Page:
By Dan O'Brien
I had never seen a total, solar eclipse and didn’t think I had missed much. I mean, so something drifts in front of the sun and the landscape gets kinda dark for a few minutes. Heck, you don’t have to wait a hundred years to see something like that. I figured it had to be sort of like a dark, rogue cloud blowing across the face of the sun–happens every day.
I spent the two weeks before the 2017 eclipse teasing people as they ordered special eclipse glasses and consulted the internet for the shortest route to the sweet spot of totality. I listened to half a dozen people calmly, but futilely, try to explain the physics of how the eclipse works. Questionable stories of scientists duping primitive people by announcing, and then seeming to produce, an eclipse were rampant. The eclipse was on the tongue of everyone I work with–our sales people, shippers, butchers, cowboys and truck drivers were all talking about it. People on the phone – eclipse, eclipse, eclipse. Some sort of mass hysteria was in play.
Even my kids, Jilian and Colton, had caught the bug. They wanted me to join them and their boys, Lincoln and Barrett, on a safari to Alliance, Nebraska–ninety miles and the quickest path to totality. Colton planned to view this solar phenomenon through the lens in his welding helmet. Jilian had scared up a pair of eclipse glasses, originally ordered from Amazon and resold at a scandalous profit. They packed their old Suburban as if they were going to measure the parallax of the sun as it moved across the Gobi desert. I was trying to think of a way to back out of joining them when three-year-old Lincoln looked up at me and said, “You coming, Pop?” I had no choice.
Both Jilian and Colton had wanted to get their work done before they left so they’d been up since long before light that morning. I figured that I’d be driving while they slept, but no one was sleepy except me and the babies. Colton drove. The kids passed out in their car seats and I crashed in the passenger seat. We were headed for a little state park just outside of Alliance, Nebraska. We pulled into Box Butte Lake State Park just a few minutes after the eclipse was supposed to begin. I got out of the car, stretched, and looked up at the sky. Perfect, blue prairie sky but nothing was happening–just a blazing August sun and a light breeze. But Jilian put on her glasses and squealed, “It’s starting. Oh my God, it’s starting." I looked up through Colton’s welding helmet and saw that a black dot had appeared on the corner of the sun. It was totally not impressive and so I helped Lincoln throw stones at the garbage can before we both stretched out in the grass beside three-month-old Barrett to resume our naps.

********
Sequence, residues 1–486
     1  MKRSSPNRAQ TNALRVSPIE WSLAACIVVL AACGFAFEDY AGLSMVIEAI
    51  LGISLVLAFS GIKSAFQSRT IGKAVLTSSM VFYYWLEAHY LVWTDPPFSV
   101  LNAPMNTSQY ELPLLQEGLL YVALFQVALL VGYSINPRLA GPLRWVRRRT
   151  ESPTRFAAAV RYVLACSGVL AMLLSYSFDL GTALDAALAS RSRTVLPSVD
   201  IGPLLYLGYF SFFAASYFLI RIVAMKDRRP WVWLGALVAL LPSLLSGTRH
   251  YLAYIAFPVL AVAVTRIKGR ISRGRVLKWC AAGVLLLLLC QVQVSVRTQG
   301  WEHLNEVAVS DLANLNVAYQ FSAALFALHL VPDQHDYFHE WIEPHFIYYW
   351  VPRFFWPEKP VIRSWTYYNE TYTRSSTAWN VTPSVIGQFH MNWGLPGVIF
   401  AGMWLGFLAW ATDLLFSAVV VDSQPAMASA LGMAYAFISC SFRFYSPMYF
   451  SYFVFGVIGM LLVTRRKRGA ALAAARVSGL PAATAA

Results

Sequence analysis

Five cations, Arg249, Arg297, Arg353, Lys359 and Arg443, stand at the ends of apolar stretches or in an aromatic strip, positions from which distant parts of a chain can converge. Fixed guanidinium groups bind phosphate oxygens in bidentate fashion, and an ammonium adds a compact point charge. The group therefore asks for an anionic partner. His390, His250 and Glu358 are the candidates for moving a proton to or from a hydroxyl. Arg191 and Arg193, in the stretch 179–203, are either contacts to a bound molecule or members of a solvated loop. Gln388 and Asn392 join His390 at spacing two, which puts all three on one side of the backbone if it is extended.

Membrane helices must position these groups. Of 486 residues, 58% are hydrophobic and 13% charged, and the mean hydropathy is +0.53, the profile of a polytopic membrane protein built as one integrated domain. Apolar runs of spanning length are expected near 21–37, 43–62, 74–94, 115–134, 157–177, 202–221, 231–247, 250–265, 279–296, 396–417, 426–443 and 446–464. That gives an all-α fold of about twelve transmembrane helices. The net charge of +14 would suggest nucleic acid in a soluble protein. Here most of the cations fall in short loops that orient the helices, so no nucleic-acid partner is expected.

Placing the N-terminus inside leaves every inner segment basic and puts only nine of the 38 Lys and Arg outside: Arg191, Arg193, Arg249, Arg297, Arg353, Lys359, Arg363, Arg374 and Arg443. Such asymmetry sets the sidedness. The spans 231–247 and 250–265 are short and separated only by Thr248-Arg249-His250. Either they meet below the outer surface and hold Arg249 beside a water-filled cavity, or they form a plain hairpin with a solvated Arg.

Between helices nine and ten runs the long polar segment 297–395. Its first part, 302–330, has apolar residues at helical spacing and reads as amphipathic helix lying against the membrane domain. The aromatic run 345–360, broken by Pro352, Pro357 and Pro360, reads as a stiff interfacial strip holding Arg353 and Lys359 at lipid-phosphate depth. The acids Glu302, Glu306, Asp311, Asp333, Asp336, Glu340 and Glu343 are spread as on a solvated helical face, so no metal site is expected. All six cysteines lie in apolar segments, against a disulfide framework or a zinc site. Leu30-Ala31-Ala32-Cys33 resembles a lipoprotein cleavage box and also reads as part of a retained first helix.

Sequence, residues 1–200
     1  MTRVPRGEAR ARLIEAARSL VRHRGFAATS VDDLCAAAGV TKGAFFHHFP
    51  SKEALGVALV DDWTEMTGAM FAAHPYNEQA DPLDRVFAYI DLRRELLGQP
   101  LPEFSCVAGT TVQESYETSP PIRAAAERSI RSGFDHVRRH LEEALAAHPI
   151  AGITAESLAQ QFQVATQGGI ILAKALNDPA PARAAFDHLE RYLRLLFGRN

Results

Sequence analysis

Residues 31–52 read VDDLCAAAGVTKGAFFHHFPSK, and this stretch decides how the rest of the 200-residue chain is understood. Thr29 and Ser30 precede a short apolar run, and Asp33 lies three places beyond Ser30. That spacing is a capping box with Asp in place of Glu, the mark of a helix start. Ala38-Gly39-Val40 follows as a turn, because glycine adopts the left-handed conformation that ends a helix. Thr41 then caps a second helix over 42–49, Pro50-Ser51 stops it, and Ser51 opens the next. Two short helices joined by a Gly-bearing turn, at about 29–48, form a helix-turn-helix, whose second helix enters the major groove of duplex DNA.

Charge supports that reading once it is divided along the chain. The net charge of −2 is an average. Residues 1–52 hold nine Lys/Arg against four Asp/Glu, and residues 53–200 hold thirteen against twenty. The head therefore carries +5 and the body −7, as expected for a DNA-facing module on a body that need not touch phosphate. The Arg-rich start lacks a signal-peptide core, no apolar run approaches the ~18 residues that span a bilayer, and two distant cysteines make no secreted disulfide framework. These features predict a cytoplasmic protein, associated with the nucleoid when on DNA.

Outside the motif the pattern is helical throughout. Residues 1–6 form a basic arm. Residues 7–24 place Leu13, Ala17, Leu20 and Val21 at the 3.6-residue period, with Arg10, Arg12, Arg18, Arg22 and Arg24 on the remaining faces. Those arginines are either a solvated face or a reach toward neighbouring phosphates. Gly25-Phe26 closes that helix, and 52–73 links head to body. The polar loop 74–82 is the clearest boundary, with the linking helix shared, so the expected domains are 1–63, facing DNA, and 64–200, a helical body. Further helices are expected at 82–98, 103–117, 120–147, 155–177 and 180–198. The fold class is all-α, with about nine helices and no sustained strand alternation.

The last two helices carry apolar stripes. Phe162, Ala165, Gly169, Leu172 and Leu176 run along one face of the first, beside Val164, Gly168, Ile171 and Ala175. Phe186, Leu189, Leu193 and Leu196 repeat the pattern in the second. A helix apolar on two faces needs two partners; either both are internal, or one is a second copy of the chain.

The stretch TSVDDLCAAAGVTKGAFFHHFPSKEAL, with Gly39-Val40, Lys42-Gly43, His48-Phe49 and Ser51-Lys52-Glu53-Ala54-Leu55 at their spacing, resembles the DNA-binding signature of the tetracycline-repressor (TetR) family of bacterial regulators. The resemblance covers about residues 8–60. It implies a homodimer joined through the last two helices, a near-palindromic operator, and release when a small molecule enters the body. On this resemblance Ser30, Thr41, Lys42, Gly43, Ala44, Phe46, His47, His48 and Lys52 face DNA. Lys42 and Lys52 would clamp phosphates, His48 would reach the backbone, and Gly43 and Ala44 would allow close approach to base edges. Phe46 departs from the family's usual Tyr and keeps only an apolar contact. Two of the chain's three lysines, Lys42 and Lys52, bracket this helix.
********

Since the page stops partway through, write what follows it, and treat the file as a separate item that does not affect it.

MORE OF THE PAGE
I woke up twenty minutes later and, when I opened my eyes, something was different. Lincoln was groggy too and we sat there blinking and looking at Jilian and Colton as they oohed and aahed over the eclipse, which was apparently progressing nicely, though there was no way of telling without stealing the glasses or the welding helmet. Even then, it was just a slightly larger, dark spot on the sun. The wind had come up a little and the temperature seemed to have taken a dip. The eclipse couldn’t have had anything to do with that but there was something definitely wrong with the light. It didn’t seem any darker but there was something grey in the air, as if the pixels were slowly washing out of the picture of the little campground by Box Butte Lake. Suddenly, I was fascinated – not so much about the moon’s shadow that Jilian and Colton announced was now nearly covering the sun, but the effect it was having on the light. I’ve studied the diffuse light of mornings and evening on the Great Plains for half a century. But this was not like the joyous early morning light or as powerful as a sunset. This was unique.
After Lincoln and I had viewed the eclipse through the glasses, we stood in that grainy light and looked at each other. Lincoln was bored by looking upward through the glasses but, like me, this odd, otherworldly light captured his attention. Some of the ancient cottonwood trees along the edge of Box Butte Lake had blown down years before and created a jungle of dead-fall limbs and branches that drew Lincoln’s attention like a magnate. The old cottonwood trunks were a grayish-brown, and as I followed him into the tree grove I realized why this partial light was not like daybreak or dusk: The shadows were all wrong. They were not long and dramatic. They were stagnate and locked in time: August 21, 2017 – 11:49 am.